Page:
Over the last two weeks, I have been able to review and refresh the portraiture skills that I learned in art 9. This hasn’t been a difficult process, but rather interesting because of the complexities of starting to view people in the same way. The tones, textures, and dimensions of the face take practice to comprehend and replicate. I have created two (or three) different portraits recently, which didn’t turn out too bad considering they are the first this year.
I took the second one with me to my CL meeting with Ms. Kim. While it is of rough quality, I really appreciate how she was able to overlook that and provide me with very constructive feedback. I highly agree with everything she commented on, especially the ongoing contrast and shading issue that made the drawing look flat. If the reflections on the skin were lighter, and hair highlights and neck were darkened, then it would bring a more youthful look to the woman. Skin lines, such as the nasolabial folds, should also be blended nicely with the neighbouring skin. I took these notes down as Ms. Kim talked, in order to remember them as well as to encourage her to point anything else that would help me.
One thing that I didn’t disagree with but did differ on is the shading technique that I like to use. In previous experience, I have found that any bad quality shading can be detrimental to a drawing. Lacking the necessary precision, I gave up on the cotton or paper towel shading methods a long time ago. Ms. Kim suggested that spending time going over every crevice and surface (on a new drawing, perhaps) can turn out a lot nicer than an incomplete version of cross-hatching. I was not aware that proper blending includes the irises, lips, and other small details. Additionally, when shading these tiny areas, it is important to use a very tiny tool. I realized that my mentor and I have different opinions of the future, so it is important to consider that this technique is likely something that she was successful with. After coming back home and practicing, I realized that even though the tiny, blended areas aren’t extremely smooth, they are a similar texture to the rest of the drawing. Earlier, my issue was that I didn’t achieve that similar texture in some areas as much as others, which is why the face looked so inconsistent. I am glad that I used her recommendation even if I was a little hesitant with it. Nonetheless, cross-hatching still is my favourite shading technique. In the end, I can only hope that these faces get less funny over the course of the next 4 months.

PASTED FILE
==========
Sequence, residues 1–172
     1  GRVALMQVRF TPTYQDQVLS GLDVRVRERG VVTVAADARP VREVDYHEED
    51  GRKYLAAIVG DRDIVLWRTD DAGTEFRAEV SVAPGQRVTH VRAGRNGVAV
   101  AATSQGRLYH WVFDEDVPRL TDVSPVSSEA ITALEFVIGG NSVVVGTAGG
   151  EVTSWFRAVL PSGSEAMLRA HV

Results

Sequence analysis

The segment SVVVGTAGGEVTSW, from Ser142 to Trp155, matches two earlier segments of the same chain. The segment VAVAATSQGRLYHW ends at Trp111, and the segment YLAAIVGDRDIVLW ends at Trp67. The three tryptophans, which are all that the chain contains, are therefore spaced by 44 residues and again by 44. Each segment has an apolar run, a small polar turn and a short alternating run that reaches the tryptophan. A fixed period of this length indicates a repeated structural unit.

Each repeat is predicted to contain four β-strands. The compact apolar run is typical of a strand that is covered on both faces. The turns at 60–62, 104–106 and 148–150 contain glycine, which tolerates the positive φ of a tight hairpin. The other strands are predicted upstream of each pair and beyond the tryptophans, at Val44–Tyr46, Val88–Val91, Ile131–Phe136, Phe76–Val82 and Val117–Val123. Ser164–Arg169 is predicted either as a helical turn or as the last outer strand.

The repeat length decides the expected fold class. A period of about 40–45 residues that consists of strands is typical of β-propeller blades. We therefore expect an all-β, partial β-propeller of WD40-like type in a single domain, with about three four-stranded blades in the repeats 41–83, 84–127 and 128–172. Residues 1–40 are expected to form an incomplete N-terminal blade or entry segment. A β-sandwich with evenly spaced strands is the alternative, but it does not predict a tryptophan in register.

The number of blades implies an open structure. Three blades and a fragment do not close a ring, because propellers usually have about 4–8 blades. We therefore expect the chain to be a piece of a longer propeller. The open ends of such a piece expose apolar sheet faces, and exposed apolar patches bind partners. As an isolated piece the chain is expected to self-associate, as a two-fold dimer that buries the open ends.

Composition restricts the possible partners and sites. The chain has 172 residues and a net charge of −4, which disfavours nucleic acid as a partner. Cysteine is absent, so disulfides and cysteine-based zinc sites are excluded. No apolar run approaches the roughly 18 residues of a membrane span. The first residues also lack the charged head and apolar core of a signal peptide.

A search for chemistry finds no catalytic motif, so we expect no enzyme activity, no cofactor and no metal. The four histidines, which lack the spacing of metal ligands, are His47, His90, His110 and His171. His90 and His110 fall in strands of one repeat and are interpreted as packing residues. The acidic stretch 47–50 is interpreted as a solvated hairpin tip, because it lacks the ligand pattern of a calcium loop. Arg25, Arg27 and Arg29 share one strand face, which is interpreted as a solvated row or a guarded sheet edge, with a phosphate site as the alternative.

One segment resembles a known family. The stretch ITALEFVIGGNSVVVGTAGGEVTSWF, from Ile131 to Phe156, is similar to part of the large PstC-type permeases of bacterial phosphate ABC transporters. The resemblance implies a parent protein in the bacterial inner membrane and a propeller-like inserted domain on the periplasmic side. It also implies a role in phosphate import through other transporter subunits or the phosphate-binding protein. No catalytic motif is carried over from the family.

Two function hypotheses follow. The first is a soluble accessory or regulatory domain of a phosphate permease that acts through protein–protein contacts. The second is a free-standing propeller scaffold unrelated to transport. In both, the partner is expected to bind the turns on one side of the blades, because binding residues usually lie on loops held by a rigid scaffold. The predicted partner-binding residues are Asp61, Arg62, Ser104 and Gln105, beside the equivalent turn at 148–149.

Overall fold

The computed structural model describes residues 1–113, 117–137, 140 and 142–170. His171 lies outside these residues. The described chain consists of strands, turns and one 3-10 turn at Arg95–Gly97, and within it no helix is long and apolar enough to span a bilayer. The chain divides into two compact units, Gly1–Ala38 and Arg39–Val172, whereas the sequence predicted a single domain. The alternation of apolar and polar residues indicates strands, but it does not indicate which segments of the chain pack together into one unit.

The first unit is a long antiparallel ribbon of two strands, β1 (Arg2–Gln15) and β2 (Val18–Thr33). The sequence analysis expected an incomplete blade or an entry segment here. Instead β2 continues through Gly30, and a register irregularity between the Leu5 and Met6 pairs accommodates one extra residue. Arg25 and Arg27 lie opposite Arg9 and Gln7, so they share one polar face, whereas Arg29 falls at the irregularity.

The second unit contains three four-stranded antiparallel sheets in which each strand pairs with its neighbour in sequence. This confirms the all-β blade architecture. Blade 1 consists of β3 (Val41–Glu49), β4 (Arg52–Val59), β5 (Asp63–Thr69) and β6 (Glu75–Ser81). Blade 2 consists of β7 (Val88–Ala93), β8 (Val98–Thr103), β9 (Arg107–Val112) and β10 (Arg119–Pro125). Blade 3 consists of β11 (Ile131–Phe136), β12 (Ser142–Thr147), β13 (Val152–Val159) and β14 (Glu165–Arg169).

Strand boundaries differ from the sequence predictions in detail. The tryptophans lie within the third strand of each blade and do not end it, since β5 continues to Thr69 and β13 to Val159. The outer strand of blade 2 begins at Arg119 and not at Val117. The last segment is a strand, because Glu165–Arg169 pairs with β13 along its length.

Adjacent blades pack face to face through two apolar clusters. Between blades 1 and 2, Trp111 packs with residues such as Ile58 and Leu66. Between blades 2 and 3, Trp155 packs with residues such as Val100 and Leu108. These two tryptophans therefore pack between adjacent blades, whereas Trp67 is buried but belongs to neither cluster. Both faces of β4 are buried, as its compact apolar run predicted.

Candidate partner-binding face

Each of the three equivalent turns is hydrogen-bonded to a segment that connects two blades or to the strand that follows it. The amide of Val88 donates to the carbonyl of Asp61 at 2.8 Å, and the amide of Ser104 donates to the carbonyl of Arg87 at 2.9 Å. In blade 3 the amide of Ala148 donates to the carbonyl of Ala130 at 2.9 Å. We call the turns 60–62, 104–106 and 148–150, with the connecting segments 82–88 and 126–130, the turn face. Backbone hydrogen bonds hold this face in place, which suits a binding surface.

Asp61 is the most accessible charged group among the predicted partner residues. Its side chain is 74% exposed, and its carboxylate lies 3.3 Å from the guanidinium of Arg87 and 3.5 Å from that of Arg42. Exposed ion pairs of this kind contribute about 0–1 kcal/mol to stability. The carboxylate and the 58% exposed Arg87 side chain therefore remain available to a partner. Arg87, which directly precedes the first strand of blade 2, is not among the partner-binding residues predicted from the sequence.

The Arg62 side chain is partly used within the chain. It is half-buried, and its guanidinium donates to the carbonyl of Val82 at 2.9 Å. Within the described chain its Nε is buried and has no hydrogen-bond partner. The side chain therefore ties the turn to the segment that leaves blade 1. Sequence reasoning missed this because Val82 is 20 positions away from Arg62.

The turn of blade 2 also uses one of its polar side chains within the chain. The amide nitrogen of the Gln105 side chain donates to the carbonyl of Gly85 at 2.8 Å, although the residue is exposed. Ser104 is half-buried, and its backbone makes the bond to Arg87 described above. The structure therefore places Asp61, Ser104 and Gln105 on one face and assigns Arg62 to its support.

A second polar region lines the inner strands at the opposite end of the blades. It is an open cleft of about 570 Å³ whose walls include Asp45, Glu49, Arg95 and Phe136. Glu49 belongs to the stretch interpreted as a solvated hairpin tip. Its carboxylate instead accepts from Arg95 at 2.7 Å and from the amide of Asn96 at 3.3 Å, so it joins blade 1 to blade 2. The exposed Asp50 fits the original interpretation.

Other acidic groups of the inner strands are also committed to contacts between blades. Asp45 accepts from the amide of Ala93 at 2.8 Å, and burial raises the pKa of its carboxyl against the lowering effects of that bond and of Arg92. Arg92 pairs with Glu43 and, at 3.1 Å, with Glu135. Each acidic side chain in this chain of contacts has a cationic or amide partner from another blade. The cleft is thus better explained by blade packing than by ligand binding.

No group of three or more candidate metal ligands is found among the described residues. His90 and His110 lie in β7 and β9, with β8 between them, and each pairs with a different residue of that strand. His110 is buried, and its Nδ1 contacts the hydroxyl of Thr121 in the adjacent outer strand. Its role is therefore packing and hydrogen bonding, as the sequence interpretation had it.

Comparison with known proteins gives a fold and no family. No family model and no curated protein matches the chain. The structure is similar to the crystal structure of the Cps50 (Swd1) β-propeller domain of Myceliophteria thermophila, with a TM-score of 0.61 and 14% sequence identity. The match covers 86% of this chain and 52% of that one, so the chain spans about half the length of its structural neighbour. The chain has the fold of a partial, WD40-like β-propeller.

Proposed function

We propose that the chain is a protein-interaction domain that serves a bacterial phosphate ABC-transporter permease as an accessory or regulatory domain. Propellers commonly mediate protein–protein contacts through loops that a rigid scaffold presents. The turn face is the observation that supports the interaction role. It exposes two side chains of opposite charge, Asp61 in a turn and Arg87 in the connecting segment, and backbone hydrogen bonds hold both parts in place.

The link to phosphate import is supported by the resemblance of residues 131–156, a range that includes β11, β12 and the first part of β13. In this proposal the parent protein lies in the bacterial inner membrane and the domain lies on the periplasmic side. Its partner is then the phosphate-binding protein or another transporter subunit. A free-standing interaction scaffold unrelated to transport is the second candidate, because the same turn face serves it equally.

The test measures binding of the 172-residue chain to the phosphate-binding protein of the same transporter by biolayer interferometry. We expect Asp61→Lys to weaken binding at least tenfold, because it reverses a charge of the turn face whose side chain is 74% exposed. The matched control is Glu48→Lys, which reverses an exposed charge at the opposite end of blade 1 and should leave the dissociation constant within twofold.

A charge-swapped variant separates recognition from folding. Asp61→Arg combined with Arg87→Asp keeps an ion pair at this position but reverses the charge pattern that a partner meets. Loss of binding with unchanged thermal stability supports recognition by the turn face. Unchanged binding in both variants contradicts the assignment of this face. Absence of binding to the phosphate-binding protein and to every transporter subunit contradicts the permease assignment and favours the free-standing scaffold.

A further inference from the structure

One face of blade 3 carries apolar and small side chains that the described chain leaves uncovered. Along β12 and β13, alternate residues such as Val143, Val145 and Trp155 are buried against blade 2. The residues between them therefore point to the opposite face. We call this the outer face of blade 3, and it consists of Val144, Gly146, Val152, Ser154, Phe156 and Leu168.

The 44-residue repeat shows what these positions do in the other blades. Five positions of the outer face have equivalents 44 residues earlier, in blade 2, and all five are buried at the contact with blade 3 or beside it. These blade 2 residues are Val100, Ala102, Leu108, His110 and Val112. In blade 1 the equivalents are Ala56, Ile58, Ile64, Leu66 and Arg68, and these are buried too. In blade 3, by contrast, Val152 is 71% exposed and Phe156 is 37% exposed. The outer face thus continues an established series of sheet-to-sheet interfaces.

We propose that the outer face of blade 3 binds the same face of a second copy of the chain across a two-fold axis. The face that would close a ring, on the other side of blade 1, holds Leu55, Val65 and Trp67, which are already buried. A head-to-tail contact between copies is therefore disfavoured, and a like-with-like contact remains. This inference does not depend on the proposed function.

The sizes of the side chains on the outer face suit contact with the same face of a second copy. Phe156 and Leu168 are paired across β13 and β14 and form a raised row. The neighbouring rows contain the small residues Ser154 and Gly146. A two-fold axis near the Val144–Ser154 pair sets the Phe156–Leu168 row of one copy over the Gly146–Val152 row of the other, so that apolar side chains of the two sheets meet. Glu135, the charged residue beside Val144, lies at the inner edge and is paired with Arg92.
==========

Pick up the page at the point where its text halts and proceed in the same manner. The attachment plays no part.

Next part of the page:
A summary of this week’s corrections:
- Lighten reflections (especially eyes) + add contrast (use charcoal)
- Blend lines into the surrounding area
- Make hair more natural by softening tones, darkening highlights, and taking away rigid structure
- Age can be reduced by darkening neck, softening under eyes, and blending away the pencil strokes that can double as creases
- Blend or crosshatch; exaggerate whatever technique is used